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Some of us also believe in something less tangible than the relationship of theater critics to commerce. We wonder to what extent, if any, a critic’s personal background — in this case, Green’s white male gay Jewishness — affects how they receive and respond to theater, and to what degree that response remains the best we can do for an increasingly diverse pool of artists and consumers. Purists will counter that a critic is a critic is a critic: great work, and the ability to recognize and describe it for readers, should not be bound by personal demographics. But in reality, there is no way the life experience and sensibilities of white male gay Jewishness are ever the same — not equal to, just the same as — that of a non-white non-male non-gay non-Jew or any other set of categories and combinations thereof. Green’s hiring is not only a missed opportunity for a major news organization to demonstrate how diversity as a concept is inherently virtuous, but how in a practical way it can demonstrate ongoing value for an audience.

In that American Theatre story, Green talks about his own relationship to diversity during an earlier stint as a Times freelancer:

You know, when I started out I was ‘diverse.’ I was an openly gay man at the Times when you couldn’t even use the word gay, and the macro- and microaggressions around trying to write about openly gay stuff were unbelievable, let alone when I was trying to write about trans people in the early ’90s and you couldn’t use their preferred pronouns and there was so much prejudice. It was terrible. And it gives you a feeling of solidarity with those who are facing those representation and misrepresentation problems now.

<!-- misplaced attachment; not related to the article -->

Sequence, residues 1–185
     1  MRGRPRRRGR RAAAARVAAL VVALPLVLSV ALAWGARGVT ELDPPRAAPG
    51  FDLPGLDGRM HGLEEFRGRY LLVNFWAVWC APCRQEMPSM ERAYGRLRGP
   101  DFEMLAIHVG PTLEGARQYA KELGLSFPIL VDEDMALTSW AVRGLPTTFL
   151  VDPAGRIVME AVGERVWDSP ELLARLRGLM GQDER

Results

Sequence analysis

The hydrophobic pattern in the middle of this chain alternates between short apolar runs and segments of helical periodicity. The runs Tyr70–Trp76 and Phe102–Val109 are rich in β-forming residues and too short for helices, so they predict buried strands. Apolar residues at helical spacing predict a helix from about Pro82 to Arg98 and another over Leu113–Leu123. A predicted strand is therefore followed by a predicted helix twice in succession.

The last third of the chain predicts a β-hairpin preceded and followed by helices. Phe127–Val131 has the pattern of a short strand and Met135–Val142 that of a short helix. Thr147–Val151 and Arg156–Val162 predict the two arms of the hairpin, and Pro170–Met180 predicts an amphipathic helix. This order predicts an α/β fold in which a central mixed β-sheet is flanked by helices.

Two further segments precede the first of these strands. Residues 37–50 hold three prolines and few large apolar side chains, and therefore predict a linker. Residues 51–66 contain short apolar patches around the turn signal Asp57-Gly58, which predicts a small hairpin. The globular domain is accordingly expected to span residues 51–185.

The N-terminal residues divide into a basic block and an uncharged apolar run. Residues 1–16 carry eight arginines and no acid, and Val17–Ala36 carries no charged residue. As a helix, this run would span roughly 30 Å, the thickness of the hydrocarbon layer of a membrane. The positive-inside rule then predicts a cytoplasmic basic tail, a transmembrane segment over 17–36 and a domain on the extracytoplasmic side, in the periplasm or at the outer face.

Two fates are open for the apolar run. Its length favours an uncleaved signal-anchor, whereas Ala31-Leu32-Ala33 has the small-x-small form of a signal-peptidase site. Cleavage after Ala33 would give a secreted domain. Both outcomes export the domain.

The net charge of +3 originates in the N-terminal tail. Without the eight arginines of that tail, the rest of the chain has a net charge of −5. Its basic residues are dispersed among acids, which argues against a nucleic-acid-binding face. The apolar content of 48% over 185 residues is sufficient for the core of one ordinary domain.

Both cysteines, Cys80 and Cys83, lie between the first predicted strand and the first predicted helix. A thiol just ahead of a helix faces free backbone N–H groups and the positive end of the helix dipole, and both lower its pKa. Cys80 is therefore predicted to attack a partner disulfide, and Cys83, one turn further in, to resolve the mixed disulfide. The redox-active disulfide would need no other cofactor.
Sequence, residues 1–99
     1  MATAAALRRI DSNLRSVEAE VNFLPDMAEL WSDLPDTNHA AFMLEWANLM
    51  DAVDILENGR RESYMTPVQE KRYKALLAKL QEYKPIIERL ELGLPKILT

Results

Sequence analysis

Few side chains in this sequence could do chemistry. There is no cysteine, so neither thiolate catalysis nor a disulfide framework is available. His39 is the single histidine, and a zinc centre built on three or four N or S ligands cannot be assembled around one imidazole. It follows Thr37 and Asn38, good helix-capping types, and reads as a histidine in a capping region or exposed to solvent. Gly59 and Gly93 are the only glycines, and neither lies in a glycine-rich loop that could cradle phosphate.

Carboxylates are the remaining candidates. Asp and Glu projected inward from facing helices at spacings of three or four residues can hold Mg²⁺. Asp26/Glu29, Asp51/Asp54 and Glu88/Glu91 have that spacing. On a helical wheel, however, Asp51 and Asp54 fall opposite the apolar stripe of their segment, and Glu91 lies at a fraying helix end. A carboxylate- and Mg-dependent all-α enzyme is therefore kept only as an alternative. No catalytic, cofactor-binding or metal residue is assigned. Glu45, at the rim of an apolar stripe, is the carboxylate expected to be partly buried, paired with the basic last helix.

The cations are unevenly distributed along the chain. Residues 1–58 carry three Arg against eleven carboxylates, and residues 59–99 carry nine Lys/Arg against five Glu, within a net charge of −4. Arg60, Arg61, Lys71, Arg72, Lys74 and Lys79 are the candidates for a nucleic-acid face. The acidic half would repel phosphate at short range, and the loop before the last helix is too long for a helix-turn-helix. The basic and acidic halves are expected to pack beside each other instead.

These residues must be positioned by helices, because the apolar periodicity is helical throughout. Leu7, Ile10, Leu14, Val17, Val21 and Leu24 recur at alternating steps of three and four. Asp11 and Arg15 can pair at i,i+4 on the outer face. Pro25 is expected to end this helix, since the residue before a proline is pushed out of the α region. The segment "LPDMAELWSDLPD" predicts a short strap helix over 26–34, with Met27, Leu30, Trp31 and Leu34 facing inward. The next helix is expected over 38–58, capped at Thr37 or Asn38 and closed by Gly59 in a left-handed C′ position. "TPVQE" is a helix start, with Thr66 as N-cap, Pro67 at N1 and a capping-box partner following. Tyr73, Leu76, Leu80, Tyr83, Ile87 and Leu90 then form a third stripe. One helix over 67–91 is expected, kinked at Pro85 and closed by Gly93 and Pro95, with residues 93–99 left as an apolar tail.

Those of us who don’t happen to be Dean Baquet — the first African-American Executive Editor of the Times and the man who ostensibly suspended the well-publicized search for Isherwood’s replacement to hire Green — certainly may wish to critique Green’s hiring by reflecting it back onto our own personal agendas. I’m going to be 49 next month; if my agenda involves where, at my age, I would have liked to have landed, I might whine about Green’s hiring, since he’s roughly my contemporary. All of us have personal agendas. Political ones, too. But then there’s the question of whether we can see and act and plant our flags beyond our own narrow ken. Whether we can think about what’s important beyond what is self-important.

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This is why I’m loathe to join the “yet another white man” chorus without simultaneously remarking on the fact that the long-serving chief critic of Times, Ben Brantley (Green’s soon-to-be co-Chief Critic), is also gay. Nor is Brantley Jewish, but let’s be honest: American journalism doesn’t exactly lack Jewish voices. For the greater good of theater criticism as a legitimate form of journalism and for the greater good of theater as an art form, yes, I’d have preferred that the Times authentically looked for, and found, a 30-year-old woman of color or a 34-year-old man of Asian ethnicity or even — in the spirit of a long tradition — pulled some 27-year-old reporter off the sports desk and provided them with a shot. (People are going to scream about this latter idea. They’ll argue that putting someone with limited theater cred into a position of influence serves neither artists nor readers. That may be true. I also believe average theatergoers don’t have decades of submersion into the art form like Green does, and that there could be value in a critic writing in a style closer to the language of the consumer. It’s still probably not the best idea, but my greater point is that the ideal of diversity to me is one which, in its heart, is broad-thinking, experimental, adventurous and ambitious, now narrowly confined to this or that demographic silo.)